In the 19th century, synergy acquired a use in physiology to refer to the interaction of body parts, such as “the relation of action between the glottis and the muscles.”

A writer in 1917 finds synergy an apt term to describe the way that the presence of two ions “in some way increases the action of both.” In a 2008 citation, the word synergy is used in the context of drug interactions: “Very little is known about how the evolution of resistance is affected by the nature of the interactions—synergy or antagonism—between drugs.”

Synergy registers on the Ngram Viewer in 1827, but doesn’t make much of a showing until the 1960s.

I agree with David Lehman who comments in the Oxford American Writer’s Thesaurus as to the ineffectiveness of the word synergy in the context of business mergers: “Some words don’t work. Synergy is one of them.”

Lehman admits that—theoretically—the usage makes sense in a business context, but points out that the concept is flawed because the mergers that are supposed to result in synergy “seldom go according to plan” and “that is surely why you hear the word only in the business news, among executives and mouthpieces for whom hope springs eternal.”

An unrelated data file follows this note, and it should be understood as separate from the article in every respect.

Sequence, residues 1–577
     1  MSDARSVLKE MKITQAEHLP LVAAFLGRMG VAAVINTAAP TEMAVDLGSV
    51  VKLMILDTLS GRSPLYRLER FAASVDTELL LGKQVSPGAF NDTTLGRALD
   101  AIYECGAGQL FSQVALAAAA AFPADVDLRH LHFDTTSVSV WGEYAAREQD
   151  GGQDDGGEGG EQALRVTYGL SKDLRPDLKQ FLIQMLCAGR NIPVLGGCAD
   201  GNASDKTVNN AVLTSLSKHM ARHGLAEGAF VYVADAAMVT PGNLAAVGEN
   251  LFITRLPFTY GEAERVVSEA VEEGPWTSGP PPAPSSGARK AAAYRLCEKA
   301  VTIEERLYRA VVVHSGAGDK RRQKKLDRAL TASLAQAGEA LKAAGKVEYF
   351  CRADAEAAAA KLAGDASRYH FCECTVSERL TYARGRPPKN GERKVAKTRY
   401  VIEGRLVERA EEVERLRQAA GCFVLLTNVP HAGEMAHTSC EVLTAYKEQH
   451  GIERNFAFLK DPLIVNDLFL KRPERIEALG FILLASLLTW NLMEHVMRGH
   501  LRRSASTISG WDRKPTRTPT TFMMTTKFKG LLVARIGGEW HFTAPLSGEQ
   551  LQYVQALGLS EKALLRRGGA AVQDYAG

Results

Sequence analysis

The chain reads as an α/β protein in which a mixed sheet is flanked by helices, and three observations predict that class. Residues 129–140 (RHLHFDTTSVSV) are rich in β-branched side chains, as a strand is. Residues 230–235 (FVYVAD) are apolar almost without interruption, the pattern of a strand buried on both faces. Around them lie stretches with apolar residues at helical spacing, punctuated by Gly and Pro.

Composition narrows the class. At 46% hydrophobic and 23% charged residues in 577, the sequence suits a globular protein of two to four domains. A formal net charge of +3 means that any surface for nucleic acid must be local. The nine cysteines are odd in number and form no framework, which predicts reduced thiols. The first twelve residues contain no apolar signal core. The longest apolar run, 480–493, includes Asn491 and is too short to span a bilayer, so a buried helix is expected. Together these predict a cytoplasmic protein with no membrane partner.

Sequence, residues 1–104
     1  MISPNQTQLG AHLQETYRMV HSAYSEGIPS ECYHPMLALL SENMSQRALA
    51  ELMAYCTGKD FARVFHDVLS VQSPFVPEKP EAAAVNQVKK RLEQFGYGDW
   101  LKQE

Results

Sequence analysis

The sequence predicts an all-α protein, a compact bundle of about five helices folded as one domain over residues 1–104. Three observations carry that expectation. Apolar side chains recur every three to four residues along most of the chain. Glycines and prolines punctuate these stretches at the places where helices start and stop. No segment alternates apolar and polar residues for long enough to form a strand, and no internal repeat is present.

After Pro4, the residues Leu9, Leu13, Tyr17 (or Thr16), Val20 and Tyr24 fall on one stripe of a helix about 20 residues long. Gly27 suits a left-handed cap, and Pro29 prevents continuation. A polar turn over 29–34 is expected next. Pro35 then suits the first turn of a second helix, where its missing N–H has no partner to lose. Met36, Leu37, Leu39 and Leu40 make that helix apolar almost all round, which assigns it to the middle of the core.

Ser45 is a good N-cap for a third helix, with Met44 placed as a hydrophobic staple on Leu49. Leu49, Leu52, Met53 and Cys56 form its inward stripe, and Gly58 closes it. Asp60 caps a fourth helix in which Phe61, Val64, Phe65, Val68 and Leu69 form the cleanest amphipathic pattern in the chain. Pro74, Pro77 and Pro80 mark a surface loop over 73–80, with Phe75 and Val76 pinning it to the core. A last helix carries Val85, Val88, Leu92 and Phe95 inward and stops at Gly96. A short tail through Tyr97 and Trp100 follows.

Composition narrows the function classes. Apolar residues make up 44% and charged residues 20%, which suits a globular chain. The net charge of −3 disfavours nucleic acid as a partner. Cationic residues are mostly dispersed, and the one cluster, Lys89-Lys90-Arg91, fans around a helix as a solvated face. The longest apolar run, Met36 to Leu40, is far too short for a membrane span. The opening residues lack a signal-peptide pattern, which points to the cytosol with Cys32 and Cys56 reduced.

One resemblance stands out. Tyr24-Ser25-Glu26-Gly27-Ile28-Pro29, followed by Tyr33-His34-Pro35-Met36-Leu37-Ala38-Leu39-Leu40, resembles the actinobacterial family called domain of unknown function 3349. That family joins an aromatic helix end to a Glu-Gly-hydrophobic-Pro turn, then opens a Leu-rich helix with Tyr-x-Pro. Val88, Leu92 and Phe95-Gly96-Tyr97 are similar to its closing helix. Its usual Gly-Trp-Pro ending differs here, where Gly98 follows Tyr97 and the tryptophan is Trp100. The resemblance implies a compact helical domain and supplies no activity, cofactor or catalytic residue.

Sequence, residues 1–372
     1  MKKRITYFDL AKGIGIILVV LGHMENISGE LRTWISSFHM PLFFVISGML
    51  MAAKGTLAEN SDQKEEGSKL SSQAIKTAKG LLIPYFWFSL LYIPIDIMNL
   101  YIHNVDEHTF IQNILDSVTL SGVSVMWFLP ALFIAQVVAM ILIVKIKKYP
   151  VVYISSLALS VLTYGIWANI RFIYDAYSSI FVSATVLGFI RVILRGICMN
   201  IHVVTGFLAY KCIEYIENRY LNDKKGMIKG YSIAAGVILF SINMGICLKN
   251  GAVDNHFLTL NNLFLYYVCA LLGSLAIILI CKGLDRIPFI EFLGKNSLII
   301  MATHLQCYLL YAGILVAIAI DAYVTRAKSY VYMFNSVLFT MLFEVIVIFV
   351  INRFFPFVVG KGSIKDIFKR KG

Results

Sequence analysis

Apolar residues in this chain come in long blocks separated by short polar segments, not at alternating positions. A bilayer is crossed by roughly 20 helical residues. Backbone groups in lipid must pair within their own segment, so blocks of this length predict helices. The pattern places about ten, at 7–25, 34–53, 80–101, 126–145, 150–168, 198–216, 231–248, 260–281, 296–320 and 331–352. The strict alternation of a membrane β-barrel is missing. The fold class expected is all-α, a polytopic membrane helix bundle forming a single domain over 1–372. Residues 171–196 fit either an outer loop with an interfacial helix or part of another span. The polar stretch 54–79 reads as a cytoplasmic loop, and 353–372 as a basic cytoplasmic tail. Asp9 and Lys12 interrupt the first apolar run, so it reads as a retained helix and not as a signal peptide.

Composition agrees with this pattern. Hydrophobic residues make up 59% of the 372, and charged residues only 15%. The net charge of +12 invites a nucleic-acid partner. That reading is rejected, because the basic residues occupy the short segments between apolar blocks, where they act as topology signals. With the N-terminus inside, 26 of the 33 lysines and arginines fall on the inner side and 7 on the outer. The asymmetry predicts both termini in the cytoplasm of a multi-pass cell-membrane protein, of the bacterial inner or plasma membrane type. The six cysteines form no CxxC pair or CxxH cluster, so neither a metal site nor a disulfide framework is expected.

Some possible alternatives to synergy and synergetic:
source of cooperation
opportunity to combine resources
mutually beneficial

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5 thoughts on “What, Exactly, Is Synergy?”

  1. It’s supposed to mean………….The whole is greater than the sum of its parts or……..more than, or different than the sum of its parts. However, as said above, it’s often used as a buzz word in an attempt to apply science to business or other relationships.

  2. @Roberta: Yes, you’re right. Th 1917 and 2008 citations make that clear. Some of the others make no sense at all, e.g.

    “Considering the future of the semiconductor industry, we can expect synergy effects for that business.”